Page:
Attention deficit hyperactivity disorder (ADHD) is one of the most common neurodevelopmental disorders and is characterized by impaired attention, hyperactivity, and impulsivity. While multiple etiologies are implicated in ADHD, its underlying mechanism(s) remain unclear. Although previous studies have suggested dysregulation of dopaminergic signals, mitochondria, and brain-derived neurotrophic factor (BDNF) in ADHD, few studies have reported these associations directly. Stem cells from human exfoliated deciduous teeth (SHED) can efficiently differentiate into dopaminergic neurons (DNs) and are thus a useful disease-specific cellular model for the study of neurodevelopmental disorders associated with DN dysfunction. This study aimed to elucidate the relationships between DNs, mitochondria, and BDNF in ADHD by analyzing DNs differentiated from SHED obtained from three boys with ADHD and comparing them to those from three typically developing boys. In the absence of exogenous BDNF in the cell culture media, DNs derived from boys with ADHD (ADHD-DNs) exhibited impaired neurite outgrowth and branching, decreased mitochondrial mass in neurites, and abnormal intracellular ATP levels. In addition, BDNF mRNA was significantly decreased in ADHD-DNs. Supplementation with BDNF, however, significantly improved neurite development and mitochondrial function in ADHD-DNs. These results suggest that ADHD-DNs may have impaired neurite development and mitochondrial function associated with insufficient production of BDNF, which may be improved by exogenous BDNF supplementation. Findings such as these, from patient-derived SHED, may contribute to the future development of treatment strategies for aberrant dopaminergic signaling, mitochondrial functioning, and BDNF levels implicated in ADHD pathogenesis.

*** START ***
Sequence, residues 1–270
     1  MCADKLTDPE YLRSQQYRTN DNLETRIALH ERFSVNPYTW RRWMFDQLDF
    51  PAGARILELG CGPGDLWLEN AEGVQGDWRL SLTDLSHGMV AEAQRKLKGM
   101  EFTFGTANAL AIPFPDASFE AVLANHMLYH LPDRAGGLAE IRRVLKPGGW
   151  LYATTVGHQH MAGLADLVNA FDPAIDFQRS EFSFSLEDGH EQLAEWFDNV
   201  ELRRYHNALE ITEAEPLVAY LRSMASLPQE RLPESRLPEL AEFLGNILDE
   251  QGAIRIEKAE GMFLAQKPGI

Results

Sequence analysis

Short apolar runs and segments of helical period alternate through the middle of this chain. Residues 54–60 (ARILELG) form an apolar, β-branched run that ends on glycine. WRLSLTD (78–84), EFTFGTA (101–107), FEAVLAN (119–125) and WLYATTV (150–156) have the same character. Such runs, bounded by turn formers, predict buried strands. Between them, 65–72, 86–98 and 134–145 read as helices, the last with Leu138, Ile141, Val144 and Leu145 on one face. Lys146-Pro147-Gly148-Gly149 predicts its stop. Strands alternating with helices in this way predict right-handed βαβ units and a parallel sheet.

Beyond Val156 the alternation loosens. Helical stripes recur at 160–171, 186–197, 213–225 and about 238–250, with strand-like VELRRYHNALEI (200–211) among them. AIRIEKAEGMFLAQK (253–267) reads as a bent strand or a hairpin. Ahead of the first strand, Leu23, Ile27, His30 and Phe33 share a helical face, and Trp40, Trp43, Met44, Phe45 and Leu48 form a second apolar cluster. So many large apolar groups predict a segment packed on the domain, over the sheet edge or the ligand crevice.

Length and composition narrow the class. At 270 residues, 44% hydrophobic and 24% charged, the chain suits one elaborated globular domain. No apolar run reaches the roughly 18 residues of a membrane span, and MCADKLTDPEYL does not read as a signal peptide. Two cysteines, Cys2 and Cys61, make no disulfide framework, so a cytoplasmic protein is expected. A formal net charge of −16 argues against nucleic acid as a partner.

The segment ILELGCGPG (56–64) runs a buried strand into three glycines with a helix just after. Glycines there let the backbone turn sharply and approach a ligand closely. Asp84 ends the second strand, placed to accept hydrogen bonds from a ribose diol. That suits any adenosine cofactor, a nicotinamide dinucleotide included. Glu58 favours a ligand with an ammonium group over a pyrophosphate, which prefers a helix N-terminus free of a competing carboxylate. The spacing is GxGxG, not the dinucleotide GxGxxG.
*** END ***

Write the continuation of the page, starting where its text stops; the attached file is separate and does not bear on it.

|Number of pages||7|
|Journal||Biochemical and Biophysical Research Communications|
|Publication status||Published - Jun 11 2019|
All Science Journal Classification (ASJC) codes
- Molecular Biology
- Cell Biology